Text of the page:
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Client Update: Negligence: what is reasonably foreseeable?

Janet Clark and Sean Seviour

A recent decision from the Supreme Court of Canada clarifies determination of what is “reasonably foreseeable”: Rankin (Rankin’s Garage & Sales) v J.J., 2018 SCC 19. 

The case involved two teenagers under the influence of alcohol and marijuana who, while looking for valuables to steal from vehicles, found a vehicle unlocked with the keys in its ashtray at Rankin’s Garage & Sales. They took the vehicle and were on their way to pick up a friend when they were involved in an accident that left one of the teenagers with catastrophic brain injury. At trial and appeal, the garage was held 37% liable. The Supreme Court of Canada reversed that finding in a 7-2 decision, holding that the evidence did not establish a duty of care owed by the garage; the evidence did not establish that the risk of harm was reasonably foreseeable.

The Court reiterated the general principle that “parties owe a duty of care to those whom they ought reasonably to have in contemplation as being at risk when they act”.

Reasonable foreseeability is to be determined objectively: what would have been known by someone with the defendant’s knowledge and experience? This cannot be based on hindsight (i.e. – knowing the harm that has in fact occurred), but instead must be determined at the time of the alleged wrongdoing. There must be facts in evidence to support a finding that someone in the defendant’s position reasonably should have foreseen risk of the type of harm that subsequently took place to a person in the plaintiff’s situation. The evidence in this case established that the risk of theft was foreseeable by the garage, but did not establish foreseeability of the risk of personal injury caused by the unsafe operation of a stolen vehicle:

“…I do not accept that anyone that leaves a vehicle unlocked with the keys in it should always reasonably anticipate that someone could be injured if the vehicle were stolen. This would extend tort liability too far. Physical injury is only foreseeable when there is something in the facts to suggest that there is not only a risk of theft, but that the stolen vehicle might be operated in a dangerous manner.”1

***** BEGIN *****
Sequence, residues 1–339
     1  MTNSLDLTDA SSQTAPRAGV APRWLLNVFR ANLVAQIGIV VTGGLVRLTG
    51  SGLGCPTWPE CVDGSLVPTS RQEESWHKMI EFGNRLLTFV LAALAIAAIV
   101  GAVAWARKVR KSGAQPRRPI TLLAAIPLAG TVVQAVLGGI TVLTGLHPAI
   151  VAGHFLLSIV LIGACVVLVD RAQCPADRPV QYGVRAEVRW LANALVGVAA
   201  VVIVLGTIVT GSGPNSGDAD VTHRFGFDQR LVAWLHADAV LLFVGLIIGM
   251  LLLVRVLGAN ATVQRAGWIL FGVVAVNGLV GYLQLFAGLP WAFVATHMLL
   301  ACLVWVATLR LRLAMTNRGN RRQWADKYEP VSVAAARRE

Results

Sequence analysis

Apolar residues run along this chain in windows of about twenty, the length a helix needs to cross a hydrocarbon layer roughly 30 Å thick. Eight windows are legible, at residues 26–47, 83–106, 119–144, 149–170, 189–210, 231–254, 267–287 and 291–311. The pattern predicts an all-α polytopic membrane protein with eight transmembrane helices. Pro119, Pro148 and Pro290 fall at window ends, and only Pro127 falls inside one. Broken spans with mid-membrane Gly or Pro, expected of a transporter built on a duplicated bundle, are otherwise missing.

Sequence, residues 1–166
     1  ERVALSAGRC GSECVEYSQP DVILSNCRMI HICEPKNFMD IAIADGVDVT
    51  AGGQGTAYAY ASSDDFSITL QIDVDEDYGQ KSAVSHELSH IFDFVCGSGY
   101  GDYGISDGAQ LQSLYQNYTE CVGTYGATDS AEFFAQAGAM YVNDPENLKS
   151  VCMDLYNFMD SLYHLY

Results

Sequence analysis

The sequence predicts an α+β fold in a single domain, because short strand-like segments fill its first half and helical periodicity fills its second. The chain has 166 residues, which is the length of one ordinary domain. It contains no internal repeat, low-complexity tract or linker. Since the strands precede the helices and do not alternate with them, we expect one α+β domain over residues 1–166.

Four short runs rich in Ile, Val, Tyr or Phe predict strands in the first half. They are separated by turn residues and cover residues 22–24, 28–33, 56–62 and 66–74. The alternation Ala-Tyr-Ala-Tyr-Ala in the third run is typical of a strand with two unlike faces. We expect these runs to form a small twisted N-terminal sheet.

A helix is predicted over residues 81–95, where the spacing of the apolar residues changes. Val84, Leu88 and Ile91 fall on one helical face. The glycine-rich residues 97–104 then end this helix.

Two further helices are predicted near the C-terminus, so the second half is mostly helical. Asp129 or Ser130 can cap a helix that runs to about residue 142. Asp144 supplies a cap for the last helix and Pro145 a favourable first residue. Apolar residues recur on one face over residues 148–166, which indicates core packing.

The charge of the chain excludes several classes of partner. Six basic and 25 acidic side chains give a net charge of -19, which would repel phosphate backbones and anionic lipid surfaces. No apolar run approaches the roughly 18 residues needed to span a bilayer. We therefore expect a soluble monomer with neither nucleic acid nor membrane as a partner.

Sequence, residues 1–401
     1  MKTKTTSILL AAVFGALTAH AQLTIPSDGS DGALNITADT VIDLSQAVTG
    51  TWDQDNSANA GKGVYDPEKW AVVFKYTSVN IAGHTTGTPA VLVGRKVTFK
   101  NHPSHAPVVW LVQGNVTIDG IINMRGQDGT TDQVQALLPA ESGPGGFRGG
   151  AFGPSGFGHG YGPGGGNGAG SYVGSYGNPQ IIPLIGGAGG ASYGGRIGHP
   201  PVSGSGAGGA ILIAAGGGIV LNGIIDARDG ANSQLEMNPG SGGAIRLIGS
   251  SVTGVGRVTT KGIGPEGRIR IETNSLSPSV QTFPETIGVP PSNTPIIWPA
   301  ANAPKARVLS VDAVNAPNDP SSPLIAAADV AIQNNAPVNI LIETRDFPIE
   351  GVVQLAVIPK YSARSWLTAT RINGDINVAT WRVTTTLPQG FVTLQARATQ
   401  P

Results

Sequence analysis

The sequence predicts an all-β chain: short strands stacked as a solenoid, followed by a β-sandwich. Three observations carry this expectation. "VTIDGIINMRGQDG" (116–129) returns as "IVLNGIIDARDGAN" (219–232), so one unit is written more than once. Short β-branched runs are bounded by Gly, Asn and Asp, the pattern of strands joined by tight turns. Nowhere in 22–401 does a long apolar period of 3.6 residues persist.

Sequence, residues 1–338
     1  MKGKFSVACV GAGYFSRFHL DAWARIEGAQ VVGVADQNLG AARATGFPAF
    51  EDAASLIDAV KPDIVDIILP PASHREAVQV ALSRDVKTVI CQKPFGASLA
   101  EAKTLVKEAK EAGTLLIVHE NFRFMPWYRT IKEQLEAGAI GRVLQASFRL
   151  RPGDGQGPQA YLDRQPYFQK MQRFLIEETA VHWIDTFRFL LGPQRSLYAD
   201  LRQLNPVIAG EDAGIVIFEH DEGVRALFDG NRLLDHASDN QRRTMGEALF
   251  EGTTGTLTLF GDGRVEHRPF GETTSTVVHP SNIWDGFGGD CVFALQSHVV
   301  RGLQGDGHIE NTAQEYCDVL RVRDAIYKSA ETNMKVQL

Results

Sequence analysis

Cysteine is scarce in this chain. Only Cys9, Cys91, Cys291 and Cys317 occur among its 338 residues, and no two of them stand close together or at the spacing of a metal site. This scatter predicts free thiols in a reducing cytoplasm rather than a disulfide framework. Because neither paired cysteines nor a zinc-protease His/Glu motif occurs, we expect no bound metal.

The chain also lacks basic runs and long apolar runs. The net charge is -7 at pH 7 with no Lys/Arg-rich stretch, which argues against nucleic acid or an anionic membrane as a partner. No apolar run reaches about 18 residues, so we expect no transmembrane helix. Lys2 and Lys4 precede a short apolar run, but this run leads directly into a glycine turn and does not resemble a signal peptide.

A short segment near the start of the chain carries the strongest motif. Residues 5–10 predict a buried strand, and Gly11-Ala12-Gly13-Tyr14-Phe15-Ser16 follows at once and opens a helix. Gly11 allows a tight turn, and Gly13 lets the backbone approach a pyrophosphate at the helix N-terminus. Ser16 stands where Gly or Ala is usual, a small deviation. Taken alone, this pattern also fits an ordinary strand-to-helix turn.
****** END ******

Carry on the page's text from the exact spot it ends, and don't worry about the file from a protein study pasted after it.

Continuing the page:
What could this mean for you?

In the context of a stolen vehicle, this decision focuses liability on those most directly involved rather than sharing liability among all potential sources of financial compensation. More broadly, the decision provides clarification for the law of negligence. An individual or business should not be liable for harm they would not reasonably have foreseen. Insurers and others seeking contribution for the losses claimed need evidence to establish knowledge of the risk of harm.

This recent decision reinforces the Supreme Court of Canada’s decision in Mustapha v Culligan of Canada Ltd., 2008 SCC 27, where a man suffered extreme mental illness after seeing a dead fly in a large bottle of water. In that case, the Court was focused on remoteness, but touched on reasonable foreseeability stating that “unusual or extreme reactions to events caused by negligence are imaginable but not reasonably foreseeable”.

Possibility is not foreseeability.


1 Rankin (Rankin’s Garage & Sales) v J.J., 2018 SCC 19, at para 34.

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